His wife Lydia (Hope Davis) tries to speak to him, but his responses are delayed, his attention diverted by the glowing screen.

Moreover, as these characters become more and more affected by their reliance on technology, the moderation of what happens does not spoil the thematic weight by overreaching dramatically.

Their joke on Ben via their false Facebook profile goes too far in such a way that the results eerily mirror recent headlines.

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We these characters; their actions never feel contrived for the sake of grand overemphasis.

When Rubin escalates his visual technique to match the emotional heights on what occurs onscreen, the sequence might be compared to the titular collision from Paul Haggis’ 2004 film used insignificant correlations between characters to bring a sense of meaning to the overwrought melodrama, this film avoids falling into such traps by concentrating on fewer connections and making each one purposeful.

A similar false friendship grows between Cindy (Paula Patton) and her chat room confidant ‘fear&loathing’ (Michael Nyqvist); but all at once Cindy and her husband Derek’s (Alexander Skarsgård) finances have been stolen by an identity thief.

With little legal recourse and bills piling up, they resolve to find the suspect—‘fear&loathing’—themselves and confront him.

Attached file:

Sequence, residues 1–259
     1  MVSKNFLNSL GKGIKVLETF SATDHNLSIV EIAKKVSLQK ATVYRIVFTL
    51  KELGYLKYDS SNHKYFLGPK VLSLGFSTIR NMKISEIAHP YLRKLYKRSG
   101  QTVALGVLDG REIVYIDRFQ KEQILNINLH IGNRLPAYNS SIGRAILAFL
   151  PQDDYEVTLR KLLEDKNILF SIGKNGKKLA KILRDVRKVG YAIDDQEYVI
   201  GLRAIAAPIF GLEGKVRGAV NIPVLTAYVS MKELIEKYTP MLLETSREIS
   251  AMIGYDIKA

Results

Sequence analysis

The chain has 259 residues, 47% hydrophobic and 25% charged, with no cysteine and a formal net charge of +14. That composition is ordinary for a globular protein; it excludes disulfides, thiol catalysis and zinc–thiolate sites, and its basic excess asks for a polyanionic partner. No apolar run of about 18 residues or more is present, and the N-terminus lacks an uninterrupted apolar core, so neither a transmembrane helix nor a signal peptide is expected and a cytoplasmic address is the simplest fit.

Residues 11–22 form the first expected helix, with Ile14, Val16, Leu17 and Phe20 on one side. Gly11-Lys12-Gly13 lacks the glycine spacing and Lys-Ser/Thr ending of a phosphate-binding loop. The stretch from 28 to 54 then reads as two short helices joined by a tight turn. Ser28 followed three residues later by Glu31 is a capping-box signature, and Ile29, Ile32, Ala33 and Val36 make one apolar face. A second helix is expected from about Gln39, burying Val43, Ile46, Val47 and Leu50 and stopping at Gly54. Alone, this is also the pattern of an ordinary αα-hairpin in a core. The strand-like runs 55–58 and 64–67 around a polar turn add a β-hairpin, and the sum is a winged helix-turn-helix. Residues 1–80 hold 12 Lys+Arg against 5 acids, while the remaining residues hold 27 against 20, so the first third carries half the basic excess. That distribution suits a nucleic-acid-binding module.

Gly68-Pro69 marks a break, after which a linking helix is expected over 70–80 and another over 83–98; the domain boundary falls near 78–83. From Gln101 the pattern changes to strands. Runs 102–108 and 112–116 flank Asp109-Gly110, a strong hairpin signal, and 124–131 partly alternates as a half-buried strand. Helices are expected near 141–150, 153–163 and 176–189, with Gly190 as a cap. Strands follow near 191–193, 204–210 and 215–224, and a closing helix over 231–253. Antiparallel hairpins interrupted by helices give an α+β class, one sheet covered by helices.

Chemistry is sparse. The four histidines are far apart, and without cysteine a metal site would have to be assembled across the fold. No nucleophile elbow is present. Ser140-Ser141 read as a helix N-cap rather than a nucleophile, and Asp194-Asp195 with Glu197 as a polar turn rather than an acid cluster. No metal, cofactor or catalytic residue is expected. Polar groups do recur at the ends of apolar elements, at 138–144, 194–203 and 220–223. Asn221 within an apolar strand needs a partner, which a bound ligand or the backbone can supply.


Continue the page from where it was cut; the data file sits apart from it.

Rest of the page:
That Jason’s distant father (Frank Grillo) drives him to open up online through his concealed conversations with Rich is significant, insomuch that Grillo’s character is also the ex-cyber crimes detective taking cases on the side, Cindy and Derek’s in fact.

Rich, a powerful attorney for Nina’s news corporation, always has an ear or one eye on his cell phone.

As the film’s characters attempt to resolve their conflicts through various-sized keyboards or methods of artificial communication, we can relate to their inability to communicate clearly or meaningfully.

It makes you want to shut down your cell phone and have significant conversations with people again. This is a drama whose turns play out in confrontations and collisions we anticipate, but they’re also rendered with a poetic step back from the kind of operatic tragedy that would make such a tale unbelievable.

Introverted and lonely, Ben Boyd (Jonah Bobo) makes music that no one hears but his few Facebook followers.